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garlic Tag

Prawns, coriander, lime, garlic and a twist of black pepper. For once, I got all the ingredients into the picture.

I remember as a young fellow being slightly flexible with the truth and having my late Dad pull me up on it with “Don’t come the raw prawn with me.”  It seemed like a bizarre expression then and still seems like it now, over 40 years later. While I was thinking about an ‘angle’ for this simple barbecue recipe, the expression popped back into my head. That got me looking it up on Google. That took me to the Australian National University and their Meanings and origins of Australian words and idioms. There are some cracking expressions with which the Australians have enriched our language. Read on, Cobber

I have carried the weight of this around for more than a decade and now I have to clear my conscience. We had been holidaying in the Poitou‑Charentes region of France. We had made the short trip into Saintes for the weekly market. I was feeling ambitious and wanted to prepare a butterflied leg of lamb. I circled the market and located the lamb butcher, having previously tried to buy beef from a boucherie chevaline (horse butcher), causing much mirth for the butcher and embarrassment for me. In my dire French, I conveyed that I wanted the joint boned. With much smiling and what I thought was comprehension, the master craftsman set to work.

Yes, I do have a son. This my come as a surprise to some of you. It would be a surprise for the Wife if I had not come clean on the matter with her. Before I get into that, I’ll bet you know the parable of the prodigal son. I’ll also bet you that you have never referred to somebody as being “prodigal”. You have never rolled down the car window and shouted; “Ohi, You. You Prodigal. Move that heap.” Or perhaps, you ladies, behind a gloved hand, over a double frappachino laté, whispered to a friend; “She is sooooo prodigal. I don’t know how her parents put up with her.” Admit it to yourself. You probably don’t even know the exact meaning of the word.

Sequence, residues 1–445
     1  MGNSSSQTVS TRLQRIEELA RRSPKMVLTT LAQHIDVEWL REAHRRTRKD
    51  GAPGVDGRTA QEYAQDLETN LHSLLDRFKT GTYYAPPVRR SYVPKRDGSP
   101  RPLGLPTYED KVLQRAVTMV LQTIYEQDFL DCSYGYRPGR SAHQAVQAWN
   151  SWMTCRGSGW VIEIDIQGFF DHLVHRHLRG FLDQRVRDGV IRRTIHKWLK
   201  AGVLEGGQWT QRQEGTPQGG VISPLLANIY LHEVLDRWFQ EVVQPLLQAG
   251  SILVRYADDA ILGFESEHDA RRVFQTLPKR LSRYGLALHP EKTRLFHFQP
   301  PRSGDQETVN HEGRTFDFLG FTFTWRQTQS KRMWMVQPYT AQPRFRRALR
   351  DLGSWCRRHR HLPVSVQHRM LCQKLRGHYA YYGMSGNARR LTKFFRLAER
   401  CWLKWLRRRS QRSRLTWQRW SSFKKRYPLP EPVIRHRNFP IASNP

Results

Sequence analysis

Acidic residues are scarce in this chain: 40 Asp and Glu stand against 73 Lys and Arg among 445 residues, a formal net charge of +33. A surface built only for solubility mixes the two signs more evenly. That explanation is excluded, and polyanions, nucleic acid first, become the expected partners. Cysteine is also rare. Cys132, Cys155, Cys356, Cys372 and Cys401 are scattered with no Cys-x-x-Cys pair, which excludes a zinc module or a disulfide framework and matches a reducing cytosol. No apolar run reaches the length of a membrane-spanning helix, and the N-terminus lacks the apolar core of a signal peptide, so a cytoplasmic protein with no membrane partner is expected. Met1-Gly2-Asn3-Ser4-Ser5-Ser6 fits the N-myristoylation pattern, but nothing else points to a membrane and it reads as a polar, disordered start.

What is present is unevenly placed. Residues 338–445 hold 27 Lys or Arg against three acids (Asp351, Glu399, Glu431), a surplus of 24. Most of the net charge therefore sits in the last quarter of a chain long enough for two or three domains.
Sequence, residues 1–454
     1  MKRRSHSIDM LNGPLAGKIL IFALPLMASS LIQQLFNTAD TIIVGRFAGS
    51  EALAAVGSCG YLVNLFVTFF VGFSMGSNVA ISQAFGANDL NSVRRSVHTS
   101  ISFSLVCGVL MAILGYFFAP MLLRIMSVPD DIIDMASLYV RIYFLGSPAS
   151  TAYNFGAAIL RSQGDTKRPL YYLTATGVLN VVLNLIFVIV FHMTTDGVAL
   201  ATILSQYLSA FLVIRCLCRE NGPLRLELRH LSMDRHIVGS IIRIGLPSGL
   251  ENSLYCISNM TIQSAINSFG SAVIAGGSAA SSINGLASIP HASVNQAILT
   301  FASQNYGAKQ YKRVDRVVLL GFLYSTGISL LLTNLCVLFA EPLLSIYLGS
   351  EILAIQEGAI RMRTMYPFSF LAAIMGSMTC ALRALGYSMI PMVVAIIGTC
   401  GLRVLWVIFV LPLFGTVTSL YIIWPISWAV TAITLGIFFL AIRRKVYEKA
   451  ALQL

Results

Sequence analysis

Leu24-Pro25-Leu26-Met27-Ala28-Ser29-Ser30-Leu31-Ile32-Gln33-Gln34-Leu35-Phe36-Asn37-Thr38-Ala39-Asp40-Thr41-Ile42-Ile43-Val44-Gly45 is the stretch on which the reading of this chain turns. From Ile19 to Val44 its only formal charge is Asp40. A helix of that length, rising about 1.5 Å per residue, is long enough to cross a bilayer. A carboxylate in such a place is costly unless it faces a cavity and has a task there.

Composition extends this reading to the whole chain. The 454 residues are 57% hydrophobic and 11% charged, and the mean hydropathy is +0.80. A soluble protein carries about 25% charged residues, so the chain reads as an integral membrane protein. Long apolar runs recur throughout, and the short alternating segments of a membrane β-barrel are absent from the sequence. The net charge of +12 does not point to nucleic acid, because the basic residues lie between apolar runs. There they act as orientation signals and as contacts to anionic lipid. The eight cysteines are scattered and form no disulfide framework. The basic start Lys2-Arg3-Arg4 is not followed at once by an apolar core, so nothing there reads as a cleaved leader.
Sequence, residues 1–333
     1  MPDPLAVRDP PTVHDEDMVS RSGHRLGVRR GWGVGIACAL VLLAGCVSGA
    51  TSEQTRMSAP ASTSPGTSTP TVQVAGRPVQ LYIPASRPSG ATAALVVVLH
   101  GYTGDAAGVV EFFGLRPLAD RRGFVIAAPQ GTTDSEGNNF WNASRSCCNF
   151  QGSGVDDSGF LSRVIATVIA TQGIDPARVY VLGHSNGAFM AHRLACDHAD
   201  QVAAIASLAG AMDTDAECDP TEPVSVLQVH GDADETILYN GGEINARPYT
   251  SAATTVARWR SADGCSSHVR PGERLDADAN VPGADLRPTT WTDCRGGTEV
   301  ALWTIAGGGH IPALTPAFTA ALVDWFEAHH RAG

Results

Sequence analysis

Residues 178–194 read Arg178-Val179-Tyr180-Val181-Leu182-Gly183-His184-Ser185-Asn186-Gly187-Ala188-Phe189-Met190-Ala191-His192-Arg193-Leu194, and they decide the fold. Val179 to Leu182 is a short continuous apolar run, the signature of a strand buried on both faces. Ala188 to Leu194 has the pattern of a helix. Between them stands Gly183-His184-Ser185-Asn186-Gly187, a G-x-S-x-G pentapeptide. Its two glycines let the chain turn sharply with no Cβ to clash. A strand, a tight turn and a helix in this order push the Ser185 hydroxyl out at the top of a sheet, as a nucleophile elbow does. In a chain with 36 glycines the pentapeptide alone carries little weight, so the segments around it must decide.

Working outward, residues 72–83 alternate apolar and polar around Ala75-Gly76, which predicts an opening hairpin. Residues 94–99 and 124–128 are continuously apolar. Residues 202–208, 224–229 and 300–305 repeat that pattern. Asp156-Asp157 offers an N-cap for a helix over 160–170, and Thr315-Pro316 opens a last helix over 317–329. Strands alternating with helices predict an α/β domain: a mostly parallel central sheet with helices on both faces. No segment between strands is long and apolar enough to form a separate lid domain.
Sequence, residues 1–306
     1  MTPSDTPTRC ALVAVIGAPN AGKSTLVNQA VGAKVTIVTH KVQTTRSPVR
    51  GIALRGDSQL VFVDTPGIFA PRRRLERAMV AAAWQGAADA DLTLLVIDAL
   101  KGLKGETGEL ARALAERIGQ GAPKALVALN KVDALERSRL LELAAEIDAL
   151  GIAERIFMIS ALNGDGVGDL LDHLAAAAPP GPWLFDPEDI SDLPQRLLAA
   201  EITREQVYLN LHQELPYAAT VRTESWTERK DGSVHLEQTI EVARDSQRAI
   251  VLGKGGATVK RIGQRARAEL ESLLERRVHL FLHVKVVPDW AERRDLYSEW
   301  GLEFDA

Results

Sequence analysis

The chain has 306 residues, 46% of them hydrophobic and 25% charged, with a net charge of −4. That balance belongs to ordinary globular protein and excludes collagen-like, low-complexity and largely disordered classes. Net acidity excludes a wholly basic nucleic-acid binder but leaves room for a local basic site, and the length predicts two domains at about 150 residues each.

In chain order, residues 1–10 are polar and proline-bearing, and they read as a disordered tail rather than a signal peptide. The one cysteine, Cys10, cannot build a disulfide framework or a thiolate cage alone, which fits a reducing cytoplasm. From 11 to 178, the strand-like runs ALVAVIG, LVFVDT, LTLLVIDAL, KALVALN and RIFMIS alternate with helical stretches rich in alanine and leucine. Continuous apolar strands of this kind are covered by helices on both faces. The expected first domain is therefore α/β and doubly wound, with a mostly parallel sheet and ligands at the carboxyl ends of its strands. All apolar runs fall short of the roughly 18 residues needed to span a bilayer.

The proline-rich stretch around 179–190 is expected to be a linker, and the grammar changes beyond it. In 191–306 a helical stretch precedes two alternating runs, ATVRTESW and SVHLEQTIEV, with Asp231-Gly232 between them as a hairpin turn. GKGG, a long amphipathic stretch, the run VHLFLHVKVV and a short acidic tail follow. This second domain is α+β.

I want you to imagine my youngest daughter. She is an innocent thing who likes small animals and fluffy things. She loves Disney cartoons. One of her favourites is Bambi. She finds the various scenes of innocence touching. When she watches it, she will be heard to say things like “Ahhh, so pretty.” and “Ohhhh, aren’t the chipmunks so cute.”

I am telling you all this because I recently suggested that I cook a rabbit stew for the family. This led to the following unfortunate conversation:

My love of Oriental cooking came from a period in my working life when I ate in Chinese restaurants at least once a week. I have spent over 30 years in advertising and during the late 80s and early 90s, I would dine out, often in excellent Chinese restaurants including  the Orchid Szechuan on Dublin’s Pembroke Road or in the Imperial on Wicklow Street (great for Dim Sum). In those days, it was perfectly normal enjoy a three course meal with wine (often lots of wine) for lunch on an almost daily basis. Those habits have been diminished by time, social convention and economic change but my love of oriental fare and cooking have not been eroded.

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